The governor of Puerto Rico says $550 million in emergency funds are available to deal with Fiona’s aftermath – along with enough food to feed 200,000 people for 20 days – three times a day. However, there could be a greater need for support and supplies.
Fiona is approaching Puerto Rico as likely a Category 1 hurricane and while it is not nearly as powerful as the Category 4 of Maria in 2017, Maria exposed and exacerbated vulnerabilities.
“Right now they’re getting a lot of rain and a lot of wind – in one part of the island, the power is already out,” said Johnny Diaz.
The biggest threat from Fiona is a potential of 20 inches of rainfall plus storm surge. Awilda Cordero has been talking to a cousin in San Juan.
“The wind is really coming in. The rain is coming in. Some stuff already started falling, but she said they’re ready,” said Cordero.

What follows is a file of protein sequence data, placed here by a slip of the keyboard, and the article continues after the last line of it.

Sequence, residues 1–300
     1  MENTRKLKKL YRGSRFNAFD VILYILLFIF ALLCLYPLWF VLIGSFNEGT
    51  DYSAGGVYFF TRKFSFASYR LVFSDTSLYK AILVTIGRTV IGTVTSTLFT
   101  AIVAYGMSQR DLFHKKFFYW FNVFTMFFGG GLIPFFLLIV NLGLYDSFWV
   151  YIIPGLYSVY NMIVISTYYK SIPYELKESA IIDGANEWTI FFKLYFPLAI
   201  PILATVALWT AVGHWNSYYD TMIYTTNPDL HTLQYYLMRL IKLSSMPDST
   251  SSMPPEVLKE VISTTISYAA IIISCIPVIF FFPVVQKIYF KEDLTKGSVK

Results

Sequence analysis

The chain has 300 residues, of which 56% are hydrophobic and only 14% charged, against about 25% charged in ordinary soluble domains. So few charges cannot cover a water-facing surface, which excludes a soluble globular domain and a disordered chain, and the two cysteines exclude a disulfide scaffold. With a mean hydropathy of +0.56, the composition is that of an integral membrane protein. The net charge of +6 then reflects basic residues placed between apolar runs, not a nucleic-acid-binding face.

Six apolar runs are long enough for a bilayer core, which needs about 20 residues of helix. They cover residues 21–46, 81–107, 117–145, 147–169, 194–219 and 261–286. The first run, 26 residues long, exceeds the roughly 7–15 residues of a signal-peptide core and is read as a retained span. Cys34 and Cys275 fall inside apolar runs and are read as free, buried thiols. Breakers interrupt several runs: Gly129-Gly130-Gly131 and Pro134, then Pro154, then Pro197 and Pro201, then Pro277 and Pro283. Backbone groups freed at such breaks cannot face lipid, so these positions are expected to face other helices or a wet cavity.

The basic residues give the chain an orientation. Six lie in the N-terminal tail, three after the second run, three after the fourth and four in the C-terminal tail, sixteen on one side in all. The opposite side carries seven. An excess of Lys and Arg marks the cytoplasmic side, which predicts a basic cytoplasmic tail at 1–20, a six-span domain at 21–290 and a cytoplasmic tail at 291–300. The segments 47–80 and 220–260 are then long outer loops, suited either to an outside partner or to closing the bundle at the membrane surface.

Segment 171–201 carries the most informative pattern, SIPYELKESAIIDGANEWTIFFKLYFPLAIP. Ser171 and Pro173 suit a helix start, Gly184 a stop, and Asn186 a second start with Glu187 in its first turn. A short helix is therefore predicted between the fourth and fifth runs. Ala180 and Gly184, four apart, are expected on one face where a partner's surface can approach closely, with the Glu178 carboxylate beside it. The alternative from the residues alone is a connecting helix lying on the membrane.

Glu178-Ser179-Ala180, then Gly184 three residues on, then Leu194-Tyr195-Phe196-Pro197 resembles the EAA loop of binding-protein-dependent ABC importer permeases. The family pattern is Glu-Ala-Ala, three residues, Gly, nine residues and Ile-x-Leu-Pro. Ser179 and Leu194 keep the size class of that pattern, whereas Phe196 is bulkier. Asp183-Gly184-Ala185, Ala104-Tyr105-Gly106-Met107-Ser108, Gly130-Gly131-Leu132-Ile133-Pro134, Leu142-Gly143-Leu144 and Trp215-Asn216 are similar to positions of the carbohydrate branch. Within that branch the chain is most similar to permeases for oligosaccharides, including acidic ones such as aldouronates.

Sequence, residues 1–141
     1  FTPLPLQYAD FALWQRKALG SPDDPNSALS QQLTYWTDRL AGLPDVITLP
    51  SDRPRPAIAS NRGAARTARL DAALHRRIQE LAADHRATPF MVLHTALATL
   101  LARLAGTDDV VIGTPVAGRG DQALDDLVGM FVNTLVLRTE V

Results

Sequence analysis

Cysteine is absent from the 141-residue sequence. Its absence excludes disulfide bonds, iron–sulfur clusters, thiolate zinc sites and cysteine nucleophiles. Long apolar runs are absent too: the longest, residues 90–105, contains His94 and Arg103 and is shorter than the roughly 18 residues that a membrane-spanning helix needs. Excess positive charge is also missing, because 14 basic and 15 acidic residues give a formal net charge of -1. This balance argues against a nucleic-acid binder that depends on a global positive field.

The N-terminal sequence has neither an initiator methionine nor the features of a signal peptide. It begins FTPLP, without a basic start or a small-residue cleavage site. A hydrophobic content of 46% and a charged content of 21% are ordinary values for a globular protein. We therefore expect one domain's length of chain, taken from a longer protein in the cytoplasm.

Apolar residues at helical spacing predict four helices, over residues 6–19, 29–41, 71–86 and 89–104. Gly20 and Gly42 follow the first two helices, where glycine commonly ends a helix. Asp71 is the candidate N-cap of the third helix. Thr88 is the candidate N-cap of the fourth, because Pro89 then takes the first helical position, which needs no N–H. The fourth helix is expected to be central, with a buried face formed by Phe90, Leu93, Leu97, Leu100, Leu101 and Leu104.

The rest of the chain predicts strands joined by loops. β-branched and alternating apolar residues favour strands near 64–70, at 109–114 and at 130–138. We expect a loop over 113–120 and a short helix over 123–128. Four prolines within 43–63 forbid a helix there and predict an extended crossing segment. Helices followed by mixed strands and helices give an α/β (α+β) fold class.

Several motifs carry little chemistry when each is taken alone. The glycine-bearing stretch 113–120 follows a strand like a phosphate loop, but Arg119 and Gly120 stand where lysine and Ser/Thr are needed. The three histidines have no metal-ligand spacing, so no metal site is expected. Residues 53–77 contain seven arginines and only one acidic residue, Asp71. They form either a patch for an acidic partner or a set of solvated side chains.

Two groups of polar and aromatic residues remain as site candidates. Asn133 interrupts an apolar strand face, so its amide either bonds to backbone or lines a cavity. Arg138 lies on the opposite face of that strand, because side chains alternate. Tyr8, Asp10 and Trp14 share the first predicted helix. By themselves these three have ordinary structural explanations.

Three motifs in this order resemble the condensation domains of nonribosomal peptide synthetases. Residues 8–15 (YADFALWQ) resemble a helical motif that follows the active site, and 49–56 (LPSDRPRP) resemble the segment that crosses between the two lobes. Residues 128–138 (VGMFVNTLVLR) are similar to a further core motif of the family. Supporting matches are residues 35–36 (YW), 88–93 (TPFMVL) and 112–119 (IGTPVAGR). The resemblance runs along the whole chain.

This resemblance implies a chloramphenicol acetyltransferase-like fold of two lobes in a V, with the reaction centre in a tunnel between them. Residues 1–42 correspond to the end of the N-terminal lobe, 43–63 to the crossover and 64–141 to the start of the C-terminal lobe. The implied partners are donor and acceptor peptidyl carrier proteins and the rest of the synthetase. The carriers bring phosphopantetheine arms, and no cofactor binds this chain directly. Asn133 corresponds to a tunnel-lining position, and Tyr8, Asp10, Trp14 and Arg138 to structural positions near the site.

New Yorkers with ties to Puerto Rico are also worried about things that might already be in short supply and high demand, with the looming storm causing panic-buying on top of existing supply chain disruptions.
“Things that are really hard to get over there, like batteries, what they need is flashlights, and even tarps – they can use tarps,” said Ramon Diaz.
Power in Puerto Rico is almost never restored quickly – with the grid still fragile.
After Maria, Awilda Cordero, who runs a non-profit organization, coordinated a massive donation drive.
“We sent a whole bunch of volunteers. We had four containers picked up, and we were able to send supplies to everybody that needed it. So if we need to do it again, definitely we’ll be there,” said Cordero.
In the meantime, Cordero urges everyone in New York City to reach out to Puerto Rico.
“I hope that every Puerto Rican that’s out here in New York City to please take out your hands and reach out to everybody in Puerto Rico – they need it,” she adds.
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